Love, Loss, and Learning the Benefits of Witnessed Grief
It is no surprise that around the holidays, feelings of grief can kick into high gear. With the pressure of creating the “perfect” holiday, stuffing our feelings seems to be easier than dealing with them. Thankfully, the term, “Blue Christmas,” is being acknowledged, and several places of worship offer services and assistance because, well, it’s “a thing.”
Additionally, it’s no surprise that the longer we push uncomfortable feelings down, the more difficult they are to deal with, as they have a tendency to keep trying to be acknowledged.
A good analogy for this is pushing a beach ball down under water. For a time, you can keep the ball under the surface. Yet, it will still try to come up from the water. When it does, it can really fly erratically into the air.
Most of us don’t want to be “that person” whose tears distract from a holiday event. We don’t want to draw attention to ourselves. And, we are afraid that once we start crying, we will never stop.And, we are afraid that once we start crying, we will never stop. #holidays #grief #witnessgrief #tears Click To Tweet
But that is not true. The tears will stop.
I was at a holiday gathering recently, and my tears started to seep out. Thankfully, I was with a person so dear to me, and her tears started to seep out, too.
It was okay – I shared my grief with her, and she shared her grief with me. We wept together. While neither one of us could completely understand 100% what the other was going through – because our individual experiences are unique – we could certainly share our feelings of loss and concern together.
Sometimes, just a listening ear will help. Sometimes a hug. Sometimes a gentle word. Sometimes, a gentle touch.
I’m sure that many can relate with not knowing what to do when someone is weeping. We don’t know what to say. It can make us feel uncomfortable to see someone else’s discomfort. Unfortunately, while we all share the same human experience of grief, we were never really taught how to handle it. So, many times we walk away or pretend we don’t see someone crying, because we just don’t know what to do with their pain.
The person who is grieving can’t help when the grief hits them. It is a body response. Sometimes the grief is like a gentle wave, and other times the grief is like a tsunami. Yet, many, many times, we shut those feelings and tears down.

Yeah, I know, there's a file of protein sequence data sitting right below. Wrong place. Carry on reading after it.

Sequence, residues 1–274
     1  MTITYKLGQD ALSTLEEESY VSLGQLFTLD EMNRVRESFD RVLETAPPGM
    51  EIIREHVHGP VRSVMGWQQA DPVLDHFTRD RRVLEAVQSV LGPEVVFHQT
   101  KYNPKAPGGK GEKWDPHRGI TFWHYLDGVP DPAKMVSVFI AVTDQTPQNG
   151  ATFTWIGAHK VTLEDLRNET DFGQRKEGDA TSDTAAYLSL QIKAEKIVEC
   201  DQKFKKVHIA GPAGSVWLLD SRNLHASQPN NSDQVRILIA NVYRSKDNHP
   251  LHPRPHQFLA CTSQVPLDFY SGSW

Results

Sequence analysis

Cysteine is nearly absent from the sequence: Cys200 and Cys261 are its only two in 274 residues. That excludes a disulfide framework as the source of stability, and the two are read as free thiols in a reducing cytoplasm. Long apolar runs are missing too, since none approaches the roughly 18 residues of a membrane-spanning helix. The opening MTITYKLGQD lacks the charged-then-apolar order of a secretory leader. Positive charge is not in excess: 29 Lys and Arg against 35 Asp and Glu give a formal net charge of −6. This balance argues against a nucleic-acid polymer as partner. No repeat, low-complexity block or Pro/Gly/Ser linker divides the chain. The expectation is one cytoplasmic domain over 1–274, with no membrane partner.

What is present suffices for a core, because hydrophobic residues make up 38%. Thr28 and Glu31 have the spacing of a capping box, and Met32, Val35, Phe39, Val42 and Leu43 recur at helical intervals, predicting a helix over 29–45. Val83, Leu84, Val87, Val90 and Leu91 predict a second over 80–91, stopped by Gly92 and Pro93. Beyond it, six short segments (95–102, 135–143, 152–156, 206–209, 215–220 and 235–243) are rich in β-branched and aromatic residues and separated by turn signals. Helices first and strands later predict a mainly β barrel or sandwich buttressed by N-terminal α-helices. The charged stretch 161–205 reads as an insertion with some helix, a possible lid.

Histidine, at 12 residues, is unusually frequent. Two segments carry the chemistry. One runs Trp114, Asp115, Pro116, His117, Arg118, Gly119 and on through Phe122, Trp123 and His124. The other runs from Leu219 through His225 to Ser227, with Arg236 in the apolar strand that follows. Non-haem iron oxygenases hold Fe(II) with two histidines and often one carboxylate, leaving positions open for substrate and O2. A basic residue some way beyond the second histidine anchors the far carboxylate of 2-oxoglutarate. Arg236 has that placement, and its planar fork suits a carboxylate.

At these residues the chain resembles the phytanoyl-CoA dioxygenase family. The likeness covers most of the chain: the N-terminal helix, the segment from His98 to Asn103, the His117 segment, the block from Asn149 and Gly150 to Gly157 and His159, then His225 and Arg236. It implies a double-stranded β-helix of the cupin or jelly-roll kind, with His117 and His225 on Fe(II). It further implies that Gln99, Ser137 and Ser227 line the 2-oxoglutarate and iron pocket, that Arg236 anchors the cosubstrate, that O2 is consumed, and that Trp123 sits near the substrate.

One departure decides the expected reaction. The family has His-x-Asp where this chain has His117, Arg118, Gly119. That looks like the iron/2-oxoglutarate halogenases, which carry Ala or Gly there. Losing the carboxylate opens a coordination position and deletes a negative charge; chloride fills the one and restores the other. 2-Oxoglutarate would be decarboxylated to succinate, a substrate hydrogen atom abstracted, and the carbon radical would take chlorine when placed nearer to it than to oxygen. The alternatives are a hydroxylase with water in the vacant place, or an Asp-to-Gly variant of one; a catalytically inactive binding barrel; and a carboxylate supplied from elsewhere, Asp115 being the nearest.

I experienced a grief tsunami the other day. I felt the grief in my body, and wasn’t sure when it would truly wash over me and release. I could literally feel the tension and the body sensations building. So, I sat with it. I acknowledged that I felt the weight of grief.
When I started to journal about the feelings and sensations, the tears came over me. Tears are cleansing and there’s research to back the claim. Even though it is good to cry, we tend to feel shame to do so. Additionally, I feel that we think the pain of grief is so overwhelming, and so we try not to cry, thinking, “will these tears ever stop?” That cycle makes it worse.
When the tears came, I didn’t fight them. It wasn’t but a matter of minutes when my nurturing dog, Sadie, heard me crying and climbed into my lap and witnessed my grief. She licked my tears. She nuzzled my neck. I was laughing, crying and grateful, all at the same time. I took the opportunity to share with her what I was grieving, which allowed me to release some more healing tears. And then, she “tackled me,” and I was laughing so hard, the tears of grief started to subside, giving way to tears of relief.
In that moment, I was reminded of what I had learned in my coursework about grief. That laughter can also move that heavy grief energy out as efficiently as crying.
Getting that gunk out of my system helped me feel lighter. I did experience smaller waves of grief throughout the day, which were much easier to handle than the earlier tsunami.
We can definitely witness our own grief by telling ourselves what we are grieving, and feel the injustice of it. Yet, it is much easier to have someone – or a furry someone – who can hold that space with us.
As we enter into the next week or so of holidays; of memories and of feelings of loss, I hope we can hold the space for each other to share, witness and grieve. The feelings will pass, especially if we don’t judge ourselves or others. No one has ruined a holiday by shedding tears. In fact, I believe, that when we do shed those tears, we allow others to feel what they need to feel in order to heal, too.
I’d like to share a link, should you want some tips on how to deal with grief during the holidays – or any other time of year. While this link was written for people in recovery, there are a lot of really good ideas and coping strategies for anyone dealing with grief. And remember, grief isn’t just about death – it is any change that results in a loss: career, friendship, health, relationship, pet loss, finances, loss of home, etc. Additionally, grief isn’t linear – you can jump through the stages of grief any time. And – that’s okay.
If you need a life jacket in your tsunami, please reach out. No one needs to handle this journey alone. There are support groups for grief and 12-step programs for addiction. And if things are extremely overwhelming, reach out for help ASAP by calling 988 or visit 988LifeLine.org.
Much love xo
© Lynne Cobb – 2022
Do you stuff your feelings down during the holidays? Share your experience in the comments section. If you like the content, please subscribe to my blog.